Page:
I love Belfast and am proud to be a resident of a wonderful city. I will share its glories to anyone who will listen. There is one small drawback. Some people experience winter affective disorder, also known as SAD. We share this problem with Finland, Iceland, Greenland, Sweden, and Norway. It shouldn’t keep you away however. The condition is short-lived and changes with the seasons. Thus, it is a matter of winter blues when you feel a bit down, lack energy, sleep too much, eat too much, have trouble focusing or maintaining interest in your normal life. It isn’t always dire and there are light machines that help you get the sunlight you are missing, and although it is artificial, it works. Only the super sensitive will not come in winter.
Interestingly, there is a reverse condition of SAD that happens in the summer months for those who live close to the equator. If you travel, looking into this topic may help you avoid the negative symptoms and keep your biological clock in tune while you are on the road. If you can regulate your serotonin and melatonin levels, you will enjoy renewed vigor and improved mood. Reverse SAD is less common, but it pays to learn a little about it which you can do here. While winter SAD is associated with a lack of sunlight, the summer version is caused by too much, which can affect melatonin production. It is exacerbated by the fact that people tend to stay up later from June to August. It throws one’s circadian rhythms for a loop. Not surprisingly, people who live in the warm southern US experience summer SAD more than those in the north.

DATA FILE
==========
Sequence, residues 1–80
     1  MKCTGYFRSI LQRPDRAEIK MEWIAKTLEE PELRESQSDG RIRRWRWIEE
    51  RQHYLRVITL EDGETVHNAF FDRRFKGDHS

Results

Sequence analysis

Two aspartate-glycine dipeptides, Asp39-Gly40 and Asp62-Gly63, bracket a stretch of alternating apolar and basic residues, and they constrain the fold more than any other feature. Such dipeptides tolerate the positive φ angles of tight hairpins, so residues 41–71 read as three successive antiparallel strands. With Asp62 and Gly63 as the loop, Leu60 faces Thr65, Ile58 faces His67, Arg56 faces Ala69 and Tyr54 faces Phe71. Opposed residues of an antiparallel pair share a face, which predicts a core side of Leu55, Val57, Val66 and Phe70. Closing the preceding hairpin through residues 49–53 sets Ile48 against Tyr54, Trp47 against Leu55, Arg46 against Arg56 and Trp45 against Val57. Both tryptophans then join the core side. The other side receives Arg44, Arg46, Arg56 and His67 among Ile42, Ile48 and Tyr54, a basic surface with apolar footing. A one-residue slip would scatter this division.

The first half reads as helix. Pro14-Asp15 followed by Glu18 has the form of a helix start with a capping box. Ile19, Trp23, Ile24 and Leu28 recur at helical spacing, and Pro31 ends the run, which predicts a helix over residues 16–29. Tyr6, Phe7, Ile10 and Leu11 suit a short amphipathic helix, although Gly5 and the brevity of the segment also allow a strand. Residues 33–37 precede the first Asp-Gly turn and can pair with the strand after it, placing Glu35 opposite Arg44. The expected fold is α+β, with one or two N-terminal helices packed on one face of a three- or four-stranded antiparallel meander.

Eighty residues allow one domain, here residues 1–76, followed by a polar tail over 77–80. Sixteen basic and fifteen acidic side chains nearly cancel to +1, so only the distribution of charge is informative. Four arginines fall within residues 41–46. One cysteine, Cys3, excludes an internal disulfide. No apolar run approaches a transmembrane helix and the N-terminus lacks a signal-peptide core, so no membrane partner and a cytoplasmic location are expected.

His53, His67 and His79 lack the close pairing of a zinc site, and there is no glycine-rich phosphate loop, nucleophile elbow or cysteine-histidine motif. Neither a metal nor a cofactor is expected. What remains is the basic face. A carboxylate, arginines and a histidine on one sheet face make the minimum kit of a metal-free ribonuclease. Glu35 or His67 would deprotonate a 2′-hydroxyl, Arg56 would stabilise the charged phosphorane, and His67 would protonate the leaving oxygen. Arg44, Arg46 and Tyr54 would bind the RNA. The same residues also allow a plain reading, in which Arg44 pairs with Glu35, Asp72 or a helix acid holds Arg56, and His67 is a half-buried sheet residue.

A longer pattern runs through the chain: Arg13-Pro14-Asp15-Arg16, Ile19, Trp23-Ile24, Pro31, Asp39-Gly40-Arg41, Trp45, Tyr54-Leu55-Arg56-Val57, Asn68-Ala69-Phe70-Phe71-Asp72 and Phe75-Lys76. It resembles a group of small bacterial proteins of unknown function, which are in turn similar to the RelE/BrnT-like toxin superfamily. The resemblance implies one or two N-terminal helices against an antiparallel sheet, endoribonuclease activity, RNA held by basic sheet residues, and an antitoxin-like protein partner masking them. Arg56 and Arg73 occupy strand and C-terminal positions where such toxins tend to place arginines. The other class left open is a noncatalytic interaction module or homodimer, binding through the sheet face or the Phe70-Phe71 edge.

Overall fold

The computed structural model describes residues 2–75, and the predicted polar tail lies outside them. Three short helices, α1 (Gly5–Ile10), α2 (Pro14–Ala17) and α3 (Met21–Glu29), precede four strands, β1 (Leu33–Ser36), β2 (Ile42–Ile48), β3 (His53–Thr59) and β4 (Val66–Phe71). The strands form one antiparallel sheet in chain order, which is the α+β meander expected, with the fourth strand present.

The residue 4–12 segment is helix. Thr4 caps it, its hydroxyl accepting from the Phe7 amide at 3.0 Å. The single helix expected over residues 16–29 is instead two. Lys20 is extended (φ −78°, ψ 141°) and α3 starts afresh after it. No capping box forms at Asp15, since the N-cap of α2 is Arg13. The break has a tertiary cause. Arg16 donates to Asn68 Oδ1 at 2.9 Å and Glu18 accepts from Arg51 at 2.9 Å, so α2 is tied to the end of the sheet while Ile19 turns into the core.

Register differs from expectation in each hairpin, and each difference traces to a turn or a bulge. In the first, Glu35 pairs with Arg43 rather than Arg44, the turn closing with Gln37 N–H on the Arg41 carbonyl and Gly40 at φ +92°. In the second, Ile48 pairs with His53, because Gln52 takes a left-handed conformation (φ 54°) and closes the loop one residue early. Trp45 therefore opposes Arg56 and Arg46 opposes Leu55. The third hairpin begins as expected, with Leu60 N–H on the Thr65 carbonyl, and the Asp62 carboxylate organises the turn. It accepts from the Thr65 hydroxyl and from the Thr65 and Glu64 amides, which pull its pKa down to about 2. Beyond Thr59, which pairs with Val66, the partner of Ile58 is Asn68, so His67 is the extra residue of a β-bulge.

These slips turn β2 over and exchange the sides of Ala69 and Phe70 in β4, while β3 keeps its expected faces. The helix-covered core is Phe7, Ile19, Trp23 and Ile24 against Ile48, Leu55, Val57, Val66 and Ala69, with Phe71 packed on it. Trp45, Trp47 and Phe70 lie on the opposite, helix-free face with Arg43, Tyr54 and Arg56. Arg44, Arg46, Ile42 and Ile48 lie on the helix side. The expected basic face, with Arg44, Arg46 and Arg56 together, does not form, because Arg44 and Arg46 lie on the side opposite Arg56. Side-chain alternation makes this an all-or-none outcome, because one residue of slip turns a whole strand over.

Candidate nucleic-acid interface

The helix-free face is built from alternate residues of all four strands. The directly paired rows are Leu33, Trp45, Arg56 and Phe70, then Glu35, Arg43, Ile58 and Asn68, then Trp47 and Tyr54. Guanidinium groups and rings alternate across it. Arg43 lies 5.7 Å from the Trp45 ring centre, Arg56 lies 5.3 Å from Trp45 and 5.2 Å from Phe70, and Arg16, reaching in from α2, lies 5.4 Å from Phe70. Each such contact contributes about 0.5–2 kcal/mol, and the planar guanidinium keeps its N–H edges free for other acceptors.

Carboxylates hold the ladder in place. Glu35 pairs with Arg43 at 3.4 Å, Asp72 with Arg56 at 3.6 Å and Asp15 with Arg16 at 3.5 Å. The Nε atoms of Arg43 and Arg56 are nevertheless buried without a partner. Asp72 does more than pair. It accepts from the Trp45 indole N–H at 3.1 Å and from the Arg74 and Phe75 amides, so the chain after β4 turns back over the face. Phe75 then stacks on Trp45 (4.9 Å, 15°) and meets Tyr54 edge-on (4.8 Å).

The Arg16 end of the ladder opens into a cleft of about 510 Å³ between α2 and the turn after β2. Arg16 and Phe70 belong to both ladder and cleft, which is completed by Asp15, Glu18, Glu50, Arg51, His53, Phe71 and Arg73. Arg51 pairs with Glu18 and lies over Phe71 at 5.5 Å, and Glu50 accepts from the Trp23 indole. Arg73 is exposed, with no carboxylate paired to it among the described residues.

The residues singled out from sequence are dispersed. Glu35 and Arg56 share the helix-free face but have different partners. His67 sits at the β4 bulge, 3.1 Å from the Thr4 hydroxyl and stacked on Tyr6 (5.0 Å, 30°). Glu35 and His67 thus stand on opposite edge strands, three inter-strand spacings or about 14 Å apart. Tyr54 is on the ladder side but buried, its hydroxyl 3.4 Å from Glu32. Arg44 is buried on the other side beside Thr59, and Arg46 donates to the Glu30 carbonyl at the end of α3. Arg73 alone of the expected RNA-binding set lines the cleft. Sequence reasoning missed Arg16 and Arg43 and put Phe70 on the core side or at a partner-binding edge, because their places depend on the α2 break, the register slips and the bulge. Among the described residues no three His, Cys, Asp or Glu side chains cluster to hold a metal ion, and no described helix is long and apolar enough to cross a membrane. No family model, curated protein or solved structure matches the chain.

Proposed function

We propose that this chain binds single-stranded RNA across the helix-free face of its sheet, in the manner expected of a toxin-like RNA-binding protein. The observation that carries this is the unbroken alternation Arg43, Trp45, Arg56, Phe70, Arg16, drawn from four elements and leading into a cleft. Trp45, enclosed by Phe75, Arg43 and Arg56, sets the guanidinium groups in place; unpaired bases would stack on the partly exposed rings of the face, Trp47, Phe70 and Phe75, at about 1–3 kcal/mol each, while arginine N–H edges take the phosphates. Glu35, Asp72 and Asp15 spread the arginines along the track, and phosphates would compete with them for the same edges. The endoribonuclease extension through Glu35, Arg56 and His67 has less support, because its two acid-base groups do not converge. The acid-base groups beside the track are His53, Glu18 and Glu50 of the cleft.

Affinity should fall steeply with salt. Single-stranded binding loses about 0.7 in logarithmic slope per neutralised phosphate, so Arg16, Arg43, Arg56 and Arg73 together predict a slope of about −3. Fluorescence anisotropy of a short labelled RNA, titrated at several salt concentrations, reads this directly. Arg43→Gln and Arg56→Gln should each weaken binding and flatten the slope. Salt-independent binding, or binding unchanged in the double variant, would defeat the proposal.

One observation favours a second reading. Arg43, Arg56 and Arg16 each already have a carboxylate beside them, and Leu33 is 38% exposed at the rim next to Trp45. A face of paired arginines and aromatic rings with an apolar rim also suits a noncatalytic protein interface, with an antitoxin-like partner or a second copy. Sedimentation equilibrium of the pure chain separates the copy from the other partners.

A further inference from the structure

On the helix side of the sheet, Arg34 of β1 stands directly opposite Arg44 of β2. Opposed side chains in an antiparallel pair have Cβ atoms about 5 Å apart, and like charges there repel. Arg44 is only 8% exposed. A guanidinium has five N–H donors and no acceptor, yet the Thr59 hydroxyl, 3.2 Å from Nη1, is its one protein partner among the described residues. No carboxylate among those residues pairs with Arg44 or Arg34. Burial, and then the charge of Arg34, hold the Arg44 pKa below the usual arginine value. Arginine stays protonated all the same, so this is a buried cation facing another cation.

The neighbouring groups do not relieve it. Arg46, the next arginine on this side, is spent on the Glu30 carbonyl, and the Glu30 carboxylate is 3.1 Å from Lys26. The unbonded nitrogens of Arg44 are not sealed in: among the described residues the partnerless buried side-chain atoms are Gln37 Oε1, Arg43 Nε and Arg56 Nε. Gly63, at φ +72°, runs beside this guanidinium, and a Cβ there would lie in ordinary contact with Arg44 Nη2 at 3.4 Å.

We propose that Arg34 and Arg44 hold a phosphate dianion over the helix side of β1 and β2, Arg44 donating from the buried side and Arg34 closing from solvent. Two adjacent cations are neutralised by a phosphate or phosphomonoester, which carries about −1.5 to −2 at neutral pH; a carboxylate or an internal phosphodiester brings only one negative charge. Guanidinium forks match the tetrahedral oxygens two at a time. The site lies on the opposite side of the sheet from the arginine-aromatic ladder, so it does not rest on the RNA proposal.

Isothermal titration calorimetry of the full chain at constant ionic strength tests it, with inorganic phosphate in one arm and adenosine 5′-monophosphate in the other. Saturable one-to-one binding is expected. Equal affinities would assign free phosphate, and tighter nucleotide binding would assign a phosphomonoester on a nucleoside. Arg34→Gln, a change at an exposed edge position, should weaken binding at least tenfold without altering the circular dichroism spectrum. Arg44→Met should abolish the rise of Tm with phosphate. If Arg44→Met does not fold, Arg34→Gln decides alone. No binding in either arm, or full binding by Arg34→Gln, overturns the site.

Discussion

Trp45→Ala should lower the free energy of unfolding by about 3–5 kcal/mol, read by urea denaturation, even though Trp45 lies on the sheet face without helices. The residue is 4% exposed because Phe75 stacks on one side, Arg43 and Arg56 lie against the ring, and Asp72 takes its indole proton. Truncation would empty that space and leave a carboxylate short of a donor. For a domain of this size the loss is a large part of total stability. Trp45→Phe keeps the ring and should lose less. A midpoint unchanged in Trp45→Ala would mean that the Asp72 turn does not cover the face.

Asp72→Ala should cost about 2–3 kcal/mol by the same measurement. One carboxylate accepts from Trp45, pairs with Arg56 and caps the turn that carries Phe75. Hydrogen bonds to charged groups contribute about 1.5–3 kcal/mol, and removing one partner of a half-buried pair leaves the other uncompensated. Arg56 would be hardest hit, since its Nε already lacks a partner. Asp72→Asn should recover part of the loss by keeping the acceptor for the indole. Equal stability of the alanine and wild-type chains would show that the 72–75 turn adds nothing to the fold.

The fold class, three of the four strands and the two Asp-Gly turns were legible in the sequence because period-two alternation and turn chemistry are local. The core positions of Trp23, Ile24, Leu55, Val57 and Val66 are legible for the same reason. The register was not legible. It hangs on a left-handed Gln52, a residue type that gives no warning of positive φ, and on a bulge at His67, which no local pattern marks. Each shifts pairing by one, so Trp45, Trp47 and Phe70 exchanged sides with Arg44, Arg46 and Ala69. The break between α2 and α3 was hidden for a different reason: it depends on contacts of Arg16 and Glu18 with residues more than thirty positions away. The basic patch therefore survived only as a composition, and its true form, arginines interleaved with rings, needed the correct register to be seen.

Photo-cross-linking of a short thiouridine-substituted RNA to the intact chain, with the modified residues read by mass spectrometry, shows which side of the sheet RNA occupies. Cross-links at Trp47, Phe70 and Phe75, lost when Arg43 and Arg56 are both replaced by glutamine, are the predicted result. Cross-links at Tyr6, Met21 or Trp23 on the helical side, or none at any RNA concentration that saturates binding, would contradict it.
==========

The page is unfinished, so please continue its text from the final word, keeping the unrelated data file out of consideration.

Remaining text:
Summertime sadness needs treatment as much as the winter blues. Depression and mood disorders must be addressed. Winter symptoms revolve around lack of energy while those of summer can bring on a manic episode. Changing the body temperature can help but the treatments are otherwise different for each modality of SAD. I am guessing that most people don’t know they have the summer version since more is known about the winter onset. I hope this blog helps those who have experienced the odd symptoms without knowing the root cause. As mentioned, it will affect your ability to travel at certain times during the year. SAD in either form is unlikely to keep you away from Belfast. We don’t have gray skies during peak tourist time nor too much darkness. It is pleasant most of the year
SAD is a treatable and rare condition so don’t fret too much if you have been given a diagnosis. Make sure you have a competent physician well versed in the illness. Solutions are available for any type including counseling. I really got into this issue quite by chance. I hope I have enlightened a few souls. If you are depressed and wanting an uplift, please come my way. Belfast has much to offer.